Appenzell Whitework: the progress
This weekend, I had another day of tuition in Appenzell, Switzerland, with wonderful Verena Schiegg. I stayed at the convent Maria der Engel and submerged myself in the clear age-old rhythm of divine office. A protestant joining a Cistercian nun and her catholic guest; how fitting during the week of ecumenism. Now what did I stitch?
I had finished this delicate area on my sampler (that's a Eurocent to give you an idea of size) at home and noticed that the large flower had a little cross in the middle. This means that in this area I had to execute a bit of drawn thread work or Höhlen. Although I am familiar with drawn thread work in the less fine Schwalm white work, I wanted to see how Verena goes about the job. Much the same as I would with Schwalm, it turned out. However, she hides her stitches differently as I would. Since the thread used in the drawn thread work is about half the thickness of the thread used in the satin stitches (Blatten), casting on stitches can be hidden among the satin stitches. Clever, clever!
The above was the other area on my sampler I worked on at home. Although not perfect, I can see myself improve as I repeat the same forms over and over again. It really is a very good sampler for practicing. However, I wasn't getting a good result with the slender tendrils. Some parts where acceptable, and other bits turned out so poorly that they had to come out again. In short: I really struggled. That's when Verena walked by for inspection and saw me working my padding. She suggested a different way of executing the padding and presto, the next tendril turned out much smoother!
In four week's time, I will return to Appenzell to practice a bit more drawn thread work. There are about 20 different filling patterns which can be used. The above part of my sampler has four areas which should be filled with drawn thread work. Due to their small size and irregular shape, I can't do anything too fancy. And as drawn thread work can only be executed after all the closely surrounded parts have been stitched, I have quite a bit of home work on my hands!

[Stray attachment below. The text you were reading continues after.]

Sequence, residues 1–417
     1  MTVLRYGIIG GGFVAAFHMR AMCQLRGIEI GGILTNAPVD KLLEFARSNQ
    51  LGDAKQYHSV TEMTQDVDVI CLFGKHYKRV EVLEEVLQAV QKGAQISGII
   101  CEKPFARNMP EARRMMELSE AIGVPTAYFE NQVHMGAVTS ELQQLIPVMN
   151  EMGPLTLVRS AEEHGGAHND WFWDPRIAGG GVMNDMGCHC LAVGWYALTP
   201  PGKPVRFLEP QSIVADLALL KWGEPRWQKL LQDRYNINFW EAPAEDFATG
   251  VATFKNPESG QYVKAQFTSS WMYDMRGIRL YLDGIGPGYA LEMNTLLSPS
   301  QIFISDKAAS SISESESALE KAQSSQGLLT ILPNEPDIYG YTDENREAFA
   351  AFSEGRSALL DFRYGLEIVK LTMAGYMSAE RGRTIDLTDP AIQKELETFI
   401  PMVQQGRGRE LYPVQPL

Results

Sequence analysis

For those of you wanting to know more about Appenzell embroidery, simply click on 'Appenzell' in the category list to the right of this post.
Hoi Jessica, wat een prachtig resultaat echt heel mooi en zo klein. Ik kan het straks in mei natuurlijk in het echt bewonderen.
Hoi Mabel, natuurlijk! En dan heb ik ook zo'n oude Belichtlistock met olielamp en glazen bollen met water zodat er vroeger ook in de nacht doorgewerkt kon worden. Tot gauw, Jessica
Beautiful, but you know: Practice makes perfect.
Thank you Velia!
Thank you Catherine!
Hi Jessica, are you using a blue thread to help you see your stitches against the white background?
Hi Catherine, no it is a historical thing. Although there is white on white and even colourful Appenzell embroidery, light blue seems to be the most well-known one. And I suspect it does help with visibility and lets the embroidery really stand out.
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